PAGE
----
“Prima facie” is a Latin term that is commonly used in law to refer to evidence or facts that are sufficient to establish a fact or raise a presumption of fact until contradicted by other evidence.
In simpler terms, prima facie means “at first sight” or “on its face.” When something is said to be prima facie true, it means that it appears to be true based on the available evidence, but further investigation or evidence may reveal otherwise.
For example, a plaintiff in a lawsuit might present prima facie evidence of wrongdoing by providing enough evidence to support their case, but the defendant could still present evidence to contradict the plaintiff’s claims.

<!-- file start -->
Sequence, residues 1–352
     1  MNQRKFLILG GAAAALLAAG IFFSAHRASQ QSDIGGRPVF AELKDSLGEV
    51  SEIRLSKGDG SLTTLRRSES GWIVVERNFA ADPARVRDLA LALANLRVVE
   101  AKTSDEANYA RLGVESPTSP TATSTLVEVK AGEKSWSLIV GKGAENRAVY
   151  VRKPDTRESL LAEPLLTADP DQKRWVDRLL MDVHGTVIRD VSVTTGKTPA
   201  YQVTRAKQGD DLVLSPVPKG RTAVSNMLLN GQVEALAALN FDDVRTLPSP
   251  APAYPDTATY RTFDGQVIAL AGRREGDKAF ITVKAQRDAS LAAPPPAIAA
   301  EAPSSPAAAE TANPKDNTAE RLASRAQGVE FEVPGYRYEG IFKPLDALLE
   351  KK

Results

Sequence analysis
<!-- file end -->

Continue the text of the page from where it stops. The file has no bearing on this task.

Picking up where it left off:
In a legal context, the concept of prima facie evidence means that a party who has presented sufficient evidence to support their claim will be presumed to be correct until the other party presents evidence to rebut that claim.
So, if one party presents prima facie evidence of their claim, the burden of proof will then shift to the other party to present evidence to contradict or disprove the claim.
This means that if the opposing party does not provide evidence to refute the prima facie evidence, then the court may be compelled to accept the prima facie evidence as true and rule in favor of the party who presented it. However, the court will still evaluate all the evidence presented in the case before making a final decision.